Supreme Court Opens|With Bankruptcy Case

     WASHINGTON (CN) – The Supreme Court delved into bankruptcy law on Monday to determine whether a man filing for Chapter 13 bankruptcy could bring down his payment to creditors by claiming an expense for automobile “ownership costs” for a car that he already paid for.

     Petitioner Jason Ransom, who filed for bankruptcy in Nevada in 2006, claimed a $471 per month expense in his five-year creditor payment plan for car ownership costs, which would lower his payment by approximately $28,000 over the five-year period.
     FIA Card Services, formerly MBNA America Bank, objected to Ransom’s plan, saying he could not claim ownership costs because the IRS defined such costs as lease or loan payments, which Ransom did not have. The bankruptcy court, bankruptcy appellate panel and 9th Circuit agreed with FIA, and Ransom appealed.
     Ransom’s attorney, Christopher Burke, said Congress allowed a debtor to take all “applicable” deductions under its IRS standards, which Burke said referred to a chart that detailed a $471 per month deduction for vehicle “ownership costs,” not the intricacies of the 500-page, “almost incomprehensible” IRS manual.
     Burke said the manual contained discretionary guidelines intended to help IRS agents collect taxes.
     He said car ownership costs represented an aggregate of variables, and included replacement costs and major repairs in addition to lease and loan payments.
     But Justice Stephen Breyer said the language in the IRS manual defining ownership costs was “very, very clear.”
     “Ownership costs refers to monthly loan or lease payments, nothing else,” Breyer said. “Is there something wrong with the IRS saying what they mean?”
     Burke said that while the IRS manual defines car ownership, it is not in the bankruptcy code.
     But Breyer went further, said if a debtor bought a dozen apples every month, they could not be included in ownership costs “even if you decorate the car with them.” He said it was important not to cut off the definition of ownership.
     “It’s for ownership,” Breyer said, “it’s not for, for example, whistling.”
     Fifteen minutes into the argument, Justice Elena Kagan delivered her first question from the bench, asking if the distinction could be made that ownership costs are lease and loan payments and operating costs are all other costs associated with owning a vehicle.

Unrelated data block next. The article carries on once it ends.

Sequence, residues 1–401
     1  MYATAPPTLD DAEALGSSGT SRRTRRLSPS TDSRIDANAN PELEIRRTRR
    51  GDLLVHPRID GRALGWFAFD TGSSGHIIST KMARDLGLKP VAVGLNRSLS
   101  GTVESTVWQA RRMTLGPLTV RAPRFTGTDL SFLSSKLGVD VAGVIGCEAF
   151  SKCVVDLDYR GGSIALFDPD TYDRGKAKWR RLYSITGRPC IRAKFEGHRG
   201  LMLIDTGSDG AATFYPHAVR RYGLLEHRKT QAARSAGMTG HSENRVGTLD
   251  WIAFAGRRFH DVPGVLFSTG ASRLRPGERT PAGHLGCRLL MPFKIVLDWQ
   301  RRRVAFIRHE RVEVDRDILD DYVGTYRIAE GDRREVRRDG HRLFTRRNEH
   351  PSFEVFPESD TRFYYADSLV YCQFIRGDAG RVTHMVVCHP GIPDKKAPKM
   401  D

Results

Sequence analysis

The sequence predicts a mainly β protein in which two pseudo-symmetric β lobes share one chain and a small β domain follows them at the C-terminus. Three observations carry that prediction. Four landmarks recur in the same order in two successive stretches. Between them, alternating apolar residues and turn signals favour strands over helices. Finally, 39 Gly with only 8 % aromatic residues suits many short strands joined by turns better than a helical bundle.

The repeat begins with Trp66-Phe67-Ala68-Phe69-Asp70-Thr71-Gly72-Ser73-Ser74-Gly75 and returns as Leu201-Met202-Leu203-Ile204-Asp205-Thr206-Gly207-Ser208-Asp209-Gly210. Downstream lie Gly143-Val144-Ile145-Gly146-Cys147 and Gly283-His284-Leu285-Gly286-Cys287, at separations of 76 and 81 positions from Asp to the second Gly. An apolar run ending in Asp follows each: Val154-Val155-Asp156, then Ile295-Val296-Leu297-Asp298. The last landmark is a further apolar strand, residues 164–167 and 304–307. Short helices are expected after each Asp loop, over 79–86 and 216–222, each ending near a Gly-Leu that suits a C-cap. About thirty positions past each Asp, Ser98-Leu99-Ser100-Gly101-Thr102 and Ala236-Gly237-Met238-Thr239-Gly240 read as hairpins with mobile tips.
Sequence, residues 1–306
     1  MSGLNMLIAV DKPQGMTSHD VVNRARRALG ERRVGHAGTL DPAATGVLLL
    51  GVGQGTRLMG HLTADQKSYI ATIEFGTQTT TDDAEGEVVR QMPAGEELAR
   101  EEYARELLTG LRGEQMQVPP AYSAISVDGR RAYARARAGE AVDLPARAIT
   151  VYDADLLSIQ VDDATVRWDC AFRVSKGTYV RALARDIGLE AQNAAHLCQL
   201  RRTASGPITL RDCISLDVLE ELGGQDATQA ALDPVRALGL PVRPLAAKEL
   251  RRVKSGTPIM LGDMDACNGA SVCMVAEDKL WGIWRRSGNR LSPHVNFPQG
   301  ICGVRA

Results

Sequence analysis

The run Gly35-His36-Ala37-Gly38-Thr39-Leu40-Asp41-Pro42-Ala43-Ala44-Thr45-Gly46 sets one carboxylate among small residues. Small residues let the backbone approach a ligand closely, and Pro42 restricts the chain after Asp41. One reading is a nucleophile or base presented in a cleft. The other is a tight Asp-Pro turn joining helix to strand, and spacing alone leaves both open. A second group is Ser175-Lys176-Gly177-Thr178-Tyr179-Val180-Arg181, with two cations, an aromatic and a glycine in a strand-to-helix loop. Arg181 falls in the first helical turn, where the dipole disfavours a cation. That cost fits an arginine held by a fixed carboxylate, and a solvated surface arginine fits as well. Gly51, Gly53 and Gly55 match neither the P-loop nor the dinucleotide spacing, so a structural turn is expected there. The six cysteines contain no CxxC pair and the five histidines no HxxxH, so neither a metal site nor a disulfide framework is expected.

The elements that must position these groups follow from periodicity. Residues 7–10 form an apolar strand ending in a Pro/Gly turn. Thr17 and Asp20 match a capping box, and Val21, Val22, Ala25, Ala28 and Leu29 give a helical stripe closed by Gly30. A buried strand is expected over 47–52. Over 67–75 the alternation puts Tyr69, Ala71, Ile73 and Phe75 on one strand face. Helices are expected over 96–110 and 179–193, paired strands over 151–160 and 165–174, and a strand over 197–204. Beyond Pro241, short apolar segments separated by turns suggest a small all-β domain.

Burke said that the statute did not require the court to reach that far.
     “That’s the beauty of the statute,” Burke said. We don’t need to go into the IRS manual. We just need their tables.”
     Justice Ruth Bader Ginsburg said it was “unusual” for an individual to get a deduction if they didn’t have the expense.
     “It wasn’t about actual expense, it was about applicable expense,” Burke said. “You get the entire deduction whether you owe on it or not.”
     Deanne Maynard, attorney for FIA Card Services, said Ransom should not be able to shield $471 a month from creditors for a car payment he “does not have,” arguing that he does not have a car ownership expense according to IRS standards because he “has no expense whatsoever.”
     “Petitioner is left at the statutory door,” Maynard said. “He has no applicable expense.” She requested that court affirm the lower court’s judgment.
     Justice Department lawyer Nicole Saharsky agreed with Maynard that the car ownership expense did not apply to Ransom. She said the expense covered lease or loan payments and “he just doesn’t have any payments of that type.”
     The point of the statute is to determine what money a debtor has available to pay creditors, not whether they have a car, Saharsky said.
     She said awarding the case to Ransom would shield $28,000 from his creditors.
     “Nobody is shielding anything,” Burke said. “It’s all black and white on his current expenses. If he doesn’t have it, he is not getting it.”
     The case is Ransom v. FIA Card Services NA, 09-907.

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